President George W. Bush, in response to a reporter's question, declined to rule out a nuclear attack to stop Iran from building atomic weapons if diplomacy fails, saying that "all options are on the table." But he added, "We want to solve this issue diplomatically, and we're working hard to do so."

During an Army Day parade in Tehran, President Mahmoud Ahmadinejad told the military that it had to be "constantly ready," and he warned that Iran would "cut off the hand of any aggressor," The Associated Press reported.


This is not much like the lead-up to Iraq war, where Saddam Hussein said he was cooperating with inspections, and sort of was, and said he had no weapons of mass destruction, and it turned out he actually didn't. There only one side was unyieldingly bullheaded and refused to back down.

Here? Both sides are making big time threats. And we're saying, just like last time, we'd prefer a diplomatic resolution to this whole mess, but we may have to do what we have to do, this time with nukes, and this time even without the Brits, a few Aussies, and the troops from Fiji. And when the fallout drifts over our allies in Afghanistan, Pakistan and India, they may gripe as their people glow and die, but we'll have done the right thing.

We stand firm. Iran may be surrounded by hostile powers, many with nukes, but they will not have them. This time the other side is just as firm. That's the new element.

This standing firm on our part was also on full display on Tuesday, April 18th on another matter. (Standing firm of course is a loaded linguistic construction. As the sociolinguistics guy - and later whacky senator from California - S. I. Hayakawa once pointed out, just as you can conjugate verbs, you can conjugate adjectives in each person - "I am firm and resolute, you are stubborn, and he is a bullheaded fool." So choose your adjective as you wish.)

The matter was the revolt of the generals against Donald Rumsfeld. That came to a head the same day.

It should be noted that a Republican senator, Chuck Hagel, Vietnam veteran and a bit of a maverick, came out and said Rumsfeld "does not command the respect and confidence of our men an women in uniform." It's time for him to go. (That's here if you want details.)

The senate minority leader, Harry Reid said so too (of course), but pointed out the problem wasn't so much Rumsfeld as Bush, as it was "more a question of leadership from the president." (That's here if you want details.) And Senate Democratic Whip Dick Durbin of Illinois suggested on Tuesday that Rumsfeld should face what would be a symbolic "vote of confidence" in the Senate. (That's here if you want details.)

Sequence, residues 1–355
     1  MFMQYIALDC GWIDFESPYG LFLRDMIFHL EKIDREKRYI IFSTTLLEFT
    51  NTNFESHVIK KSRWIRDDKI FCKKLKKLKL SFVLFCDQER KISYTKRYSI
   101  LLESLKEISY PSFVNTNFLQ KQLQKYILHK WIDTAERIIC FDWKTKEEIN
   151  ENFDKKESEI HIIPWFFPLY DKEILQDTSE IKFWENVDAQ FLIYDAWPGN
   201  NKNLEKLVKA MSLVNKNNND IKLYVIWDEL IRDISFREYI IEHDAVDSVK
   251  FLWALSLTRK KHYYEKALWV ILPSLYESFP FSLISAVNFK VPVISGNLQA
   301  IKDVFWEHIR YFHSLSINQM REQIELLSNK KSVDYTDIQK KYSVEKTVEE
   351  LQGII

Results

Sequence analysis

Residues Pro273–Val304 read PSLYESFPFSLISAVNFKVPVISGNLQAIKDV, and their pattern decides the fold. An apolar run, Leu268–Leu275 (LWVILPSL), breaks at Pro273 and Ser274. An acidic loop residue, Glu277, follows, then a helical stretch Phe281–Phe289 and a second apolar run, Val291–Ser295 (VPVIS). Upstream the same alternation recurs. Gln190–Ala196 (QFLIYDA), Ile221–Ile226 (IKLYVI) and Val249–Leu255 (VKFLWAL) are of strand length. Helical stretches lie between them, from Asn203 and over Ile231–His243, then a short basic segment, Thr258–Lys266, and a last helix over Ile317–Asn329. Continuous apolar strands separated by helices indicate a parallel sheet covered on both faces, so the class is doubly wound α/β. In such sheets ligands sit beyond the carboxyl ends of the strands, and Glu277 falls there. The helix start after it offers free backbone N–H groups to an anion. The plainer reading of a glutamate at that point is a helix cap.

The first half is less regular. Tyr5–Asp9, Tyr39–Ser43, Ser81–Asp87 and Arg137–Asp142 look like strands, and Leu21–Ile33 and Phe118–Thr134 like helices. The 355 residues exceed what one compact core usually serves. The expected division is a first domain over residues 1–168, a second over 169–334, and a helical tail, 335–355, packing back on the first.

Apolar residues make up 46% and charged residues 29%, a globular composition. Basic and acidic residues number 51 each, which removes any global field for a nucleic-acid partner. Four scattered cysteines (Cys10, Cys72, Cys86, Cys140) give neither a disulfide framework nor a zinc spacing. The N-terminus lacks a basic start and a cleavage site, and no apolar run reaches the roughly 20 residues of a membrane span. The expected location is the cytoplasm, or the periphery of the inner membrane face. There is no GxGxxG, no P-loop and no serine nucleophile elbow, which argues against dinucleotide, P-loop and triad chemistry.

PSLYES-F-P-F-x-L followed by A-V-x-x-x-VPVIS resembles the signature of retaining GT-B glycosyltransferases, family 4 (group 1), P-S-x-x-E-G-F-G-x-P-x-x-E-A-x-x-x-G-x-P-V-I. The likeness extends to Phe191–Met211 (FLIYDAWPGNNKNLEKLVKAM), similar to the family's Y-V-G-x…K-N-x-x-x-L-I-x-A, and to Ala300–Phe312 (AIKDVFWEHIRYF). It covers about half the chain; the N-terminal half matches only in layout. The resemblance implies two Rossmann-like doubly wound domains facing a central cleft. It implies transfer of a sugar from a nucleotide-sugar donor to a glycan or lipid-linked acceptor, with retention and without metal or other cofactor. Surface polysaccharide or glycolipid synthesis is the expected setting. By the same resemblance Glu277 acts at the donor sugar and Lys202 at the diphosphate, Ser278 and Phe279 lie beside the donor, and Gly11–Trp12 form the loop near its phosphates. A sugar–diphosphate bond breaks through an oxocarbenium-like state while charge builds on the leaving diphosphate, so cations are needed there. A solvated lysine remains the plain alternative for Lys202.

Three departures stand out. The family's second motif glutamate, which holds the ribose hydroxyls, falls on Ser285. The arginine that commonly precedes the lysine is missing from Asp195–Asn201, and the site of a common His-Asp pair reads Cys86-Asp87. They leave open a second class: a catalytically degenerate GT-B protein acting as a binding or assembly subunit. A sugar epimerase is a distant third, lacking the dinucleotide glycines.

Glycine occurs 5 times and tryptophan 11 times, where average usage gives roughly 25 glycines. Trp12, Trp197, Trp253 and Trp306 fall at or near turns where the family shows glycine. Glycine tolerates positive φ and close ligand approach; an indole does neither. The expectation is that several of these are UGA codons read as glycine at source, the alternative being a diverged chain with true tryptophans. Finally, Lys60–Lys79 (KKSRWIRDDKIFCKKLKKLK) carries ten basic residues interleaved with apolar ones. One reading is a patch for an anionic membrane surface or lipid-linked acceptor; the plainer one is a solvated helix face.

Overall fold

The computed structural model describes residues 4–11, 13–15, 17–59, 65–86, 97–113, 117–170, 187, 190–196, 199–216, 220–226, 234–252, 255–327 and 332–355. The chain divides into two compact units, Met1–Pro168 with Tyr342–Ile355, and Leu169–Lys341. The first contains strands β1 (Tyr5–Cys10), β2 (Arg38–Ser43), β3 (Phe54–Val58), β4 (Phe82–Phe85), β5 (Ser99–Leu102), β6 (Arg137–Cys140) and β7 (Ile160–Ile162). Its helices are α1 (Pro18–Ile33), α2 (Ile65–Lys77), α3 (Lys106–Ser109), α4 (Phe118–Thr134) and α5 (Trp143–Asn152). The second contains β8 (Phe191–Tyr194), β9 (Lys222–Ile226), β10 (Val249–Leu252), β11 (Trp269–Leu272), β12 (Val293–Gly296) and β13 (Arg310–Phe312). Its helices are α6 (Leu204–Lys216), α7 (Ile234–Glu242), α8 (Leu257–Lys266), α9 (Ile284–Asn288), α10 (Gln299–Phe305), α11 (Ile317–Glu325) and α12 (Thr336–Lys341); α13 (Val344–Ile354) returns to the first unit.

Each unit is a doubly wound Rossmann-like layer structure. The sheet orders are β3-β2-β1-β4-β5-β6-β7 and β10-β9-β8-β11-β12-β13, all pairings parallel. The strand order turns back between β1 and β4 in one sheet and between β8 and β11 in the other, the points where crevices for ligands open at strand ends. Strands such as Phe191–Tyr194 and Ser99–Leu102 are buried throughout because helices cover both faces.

David Broder, sometimes called the dean of Washington journalists (probably because he has a gift for the obvious and has no firm opinion until everyone else has agreed on one), in the Washington Post said Rumsfeld needed to resign - "Even in Vietnam we saw no such open defiance." (That's here if you want details.)

Of course, the day before, Rumsfeld gave an exclusive interview to explain himself, on the Rush Limbaugh radio show. He said the media in the United States was just being manipulated by al Qaeda, specifically by that Osama fellow, and by the other guy, Zarqawi, so he didn't take it all very seriously. (That's here if you want details.) The Post carried his comments that "this too shall pass" and how there were over six thousand retired generals and if six of them don't like him it doesn't mean much, statistically. And he told the world, "I won't quit."

All this came to a head in a Tuesday press conference where the president got angry. CNN has the transcript posted here, and the relevant part is this, where CNN's Ed Henry has the closing question –


HENRY: Mr. President, you make it a practice of not commenting on potential personnel move.


HENRY: Calling it speculation.

BUSH: And you can understand why. Because we've got people's reputations at stake. And on Friday I stood up and said I don't appreciate the speculation about Don Rumsfeld. He's doing a fine job. I strongly support him.

HENRY: But what do you say to critics who believe that you're ignoring the advice of retired generals, military commanders, who say that there needs to be a change?
BUSH: I say I listen to all voices, but mine's the final decision and Don Rumsfeld is doing a fine job. He's not only transforming the military, he's fighting a war on terror. He's helping us fight a war on terror. I have strong confidence in Don Rumsfeld. I hear the voices and I read the front page and I know the speculation, but I'm the decider and I decide what is best and what's best is for Don Rumsfeld to remain as the secretary of defense. I want to thank you all very much.


And he turned on his heel and walked off. There's a video of the exchange here. He was ticked. He's in charge.

There was an explosion of comment on this, and perhaps the most pointed comes from Digby at Hullabaloo here.

Digby points back to an item in the current American Prospect (here) on how things work in the White House, with Vice President Cheney pretty much in charge –